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The focus of this study is on the offshore sandbanks occurring in the mature southern North Sea gas producing fields on the UK continental shelf. New geological interpretations have been made from bathymetric, sidescan sonar and seabed photographic and sample surveys carried out for the Department of Trade and Industry in 2001 over the Norfolk Banks and the Dogger Bank. The survey data were acquired in water depths varying from approximately 10m to 40m or more. The new survey data were collected to fill information gaps on the seabed processes influencing the seabed sand transport directions, composition of the seabed habitat and sandbank function. Interpretative data have been collected for bedforms ranging in size from sand banks more than 20km long and spaced more than 5km apart to sand ripples less than 2m long and spaced less than 60cm apart. Existing geological information has been integrated with the new survey information to present the interpretations of the variety of the modern seabed habitats in their wider historical and regional contexts. The research findings from the seabed study are interpreted from data collected during relatively calm spring/summer wave conditions and without surge-driven tides. • Under the range of seasonal hydrodynamic conditions the sandbanks interact with the flood and ebb tidal currents, wind and wave and storm surge currents so that the seabed on the sandbanks is characterised by superimposed mobile small to very large mobile bedforms. The exceptions found were on and adjacent to the crest of the Dogger Bank and on the crests of the Norfolk Banks all in less than approximately 18m water depth. In these areas the larger transverse bedforms appear to have been destroyed at the bank crests by waves. • The Dogger Bank is a glacial outwash feature that was deposited under conditions of prolific sediment supply when the southern North Sea basin was partly covered by a terrestrial ice sheet more than 14,000 years ago. Although it is now covered by mobile sand at seabed, the bulk of the Dogger Bank in the area of survey is immobile and consists of cohesive muddy and gravelly sediments that are resistant to erosion. • The main changes of seabed mean grain size across the Dogger Bank at the West Patch occur in areas with patchy seabed hollows with an origin from to scour caused by strong near-bottom currents during storms. The seabed sediments occurring outside the scours are predominantly well sorted fine sands. The seabed sediments in the scours are characterised by relict very poorly sorted muddy and gravely sands. • The Norfolk Banks formed following the retreat of the terrestrial ice sheet, marine inundation of the southern North Sea and by interactions between sea-level changes, prolific sediment supply and near-bottom currents. The bulk volumes of the banks consist of predominantly uncohesive submarine sands that are not resistant to erosion by strong currents. • Internal data from the Broken Bank have been interpreted to propose a possible a generic model for the historical development and integral function of the active banks in the region. The model is important to understanding the long-stability of the banks because it indicates that the oldest banks may be segmented into aggrading (heads) and younger prograding tails (NW ends) that are sensitive to changes in position of the heads. On the basis of their internal structure and external geomorphology both the banks heads and tails have migrated to the NE. There is no data for an understanding of the nature of the along-bank transition from aggrading to prograding internal structure. iii • There is an overall positive correlation between the transverse bedform facing directions and the trends of decreasing mean grain size in the medium to fine sand fraction of the seabed sediments on the Norfolk Banks. The correlation is interpreted to infer net sand bedload transport directions across and between the banks to the north and east. • The trends of mean sand grain size with position on Ower Bank B appear to show the existence of segments of decreasing mean grain size to the NE across the bank and decreasing mean grain size along the bank flanks in a clockwise direction. These trends are interpreted to confirm what has been previously inferred for nearshore banks but not calibrated by regional sampling, namely that both across- and along-bank sediment transport processes interact to influence bank seabed composition. • On the basis of the interpretation of the data from Ower Bank B and the consistency of single profiles across other banks a process model is proposed that may be applied to predict segmented systematic variations in the composition and functions of the active banks. The model predicts that the finest seabed sediments within the sand fraction will be observed on the SE flank of the segment under the influence of the process identified. • There is an overall decrease of mean grain size with decreasing water depth on the banks in the region that are outside the influence of the strongest tidal currents. • The interpretations of the new regional seabed sediment textural data have confirmed the uniqueness of the functions of the Norfolk Bank relative to surrounding banks.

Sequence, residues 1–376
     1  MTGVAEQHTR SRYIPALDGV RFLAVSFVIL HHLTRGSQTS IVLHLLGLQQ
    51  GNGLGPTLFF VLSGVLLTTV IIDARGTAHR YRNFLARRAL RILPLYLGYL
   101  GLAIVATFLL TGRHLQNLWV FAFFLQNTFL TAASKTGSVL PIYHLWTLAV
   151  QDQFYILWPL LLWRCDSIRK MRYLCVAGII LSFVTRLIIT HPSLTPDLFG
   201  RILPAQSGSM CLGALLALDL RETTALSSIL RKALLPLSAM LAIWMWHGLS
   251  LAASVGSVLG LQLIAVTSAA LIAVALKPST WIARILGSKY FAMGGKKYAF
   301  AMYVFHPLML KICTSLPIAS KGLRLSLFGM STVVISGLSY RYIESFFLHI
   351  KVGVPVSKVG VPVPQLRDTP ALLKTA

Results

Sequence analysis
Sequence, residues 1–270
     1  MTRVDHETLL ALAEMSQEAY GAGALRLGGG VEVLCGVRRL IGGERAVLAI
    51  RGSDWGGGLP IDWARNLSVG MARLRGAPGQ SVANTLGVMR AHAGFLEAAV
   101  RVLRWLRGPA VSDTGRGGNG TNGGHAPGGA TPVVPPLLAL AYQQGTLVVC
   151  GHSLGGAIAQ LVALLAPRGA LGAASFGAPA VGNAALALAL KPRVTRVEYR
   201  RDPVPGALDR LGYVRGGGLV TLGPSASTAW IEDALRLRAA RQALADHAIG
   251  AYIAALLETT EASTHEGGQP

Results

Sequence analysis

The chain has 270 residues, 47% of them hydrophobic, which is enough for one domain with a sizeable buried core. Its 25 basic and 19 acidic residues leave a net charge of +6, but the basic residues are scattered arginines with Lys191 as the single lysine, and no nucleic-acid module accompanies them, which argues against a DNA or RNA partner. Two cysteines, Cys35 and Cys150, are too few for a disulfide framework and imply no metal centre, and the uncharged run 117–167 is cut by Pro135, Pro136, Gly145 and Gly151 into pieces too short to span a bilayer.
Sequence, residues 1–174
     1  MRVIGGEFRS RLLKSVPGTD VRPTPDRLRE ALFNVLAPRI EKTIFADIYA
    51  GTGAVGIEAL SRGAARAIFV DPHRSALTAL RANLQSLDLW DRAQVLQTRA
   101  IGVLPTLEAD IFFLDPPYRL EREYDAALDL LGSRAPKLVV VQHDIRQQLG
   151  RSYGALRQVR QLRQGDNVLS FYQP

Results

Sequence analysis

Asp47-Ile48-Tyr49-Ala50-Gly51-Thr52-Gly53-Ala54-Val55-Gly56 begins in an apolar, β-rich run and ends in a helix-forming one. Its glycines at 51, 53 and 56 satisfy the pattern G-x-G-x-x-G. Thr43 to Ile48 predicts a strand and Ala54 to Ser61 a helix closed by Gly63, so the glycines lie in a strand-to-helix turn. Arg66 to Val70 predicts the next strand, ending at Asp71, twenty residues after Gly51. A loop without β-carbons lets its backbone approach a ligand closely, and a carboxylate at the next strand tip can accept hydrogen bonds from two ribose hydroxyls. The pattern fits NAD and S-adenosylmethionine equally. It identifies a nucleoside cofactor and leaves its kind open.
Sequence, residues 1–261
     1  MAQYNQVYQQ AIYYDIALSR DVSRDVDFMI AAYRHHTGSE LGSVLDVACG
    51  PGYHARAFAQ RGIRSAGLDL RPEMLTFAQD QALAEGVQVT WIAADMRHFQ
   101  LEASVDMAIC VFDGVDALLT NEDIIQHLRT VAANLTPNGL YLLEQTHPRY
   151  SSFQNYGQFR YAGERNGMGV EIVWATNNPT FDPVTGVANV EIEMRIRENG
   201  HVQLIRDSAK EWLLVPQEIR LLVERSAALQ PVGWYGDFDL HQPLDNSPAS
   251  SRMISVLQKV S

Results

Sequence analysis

Item Type: Publication - Report
Programmes: BGS Programmes > Other
Funders/Sponsors: British Geological Survey
Additional Information. Not used in RCUK Gateway to Research.: This item has been internally reviewed, but not externally peer-reviewed. Report includes a CD accompaniment.
Date made live: 03 Apr 2020 14:41 +0 (UTC)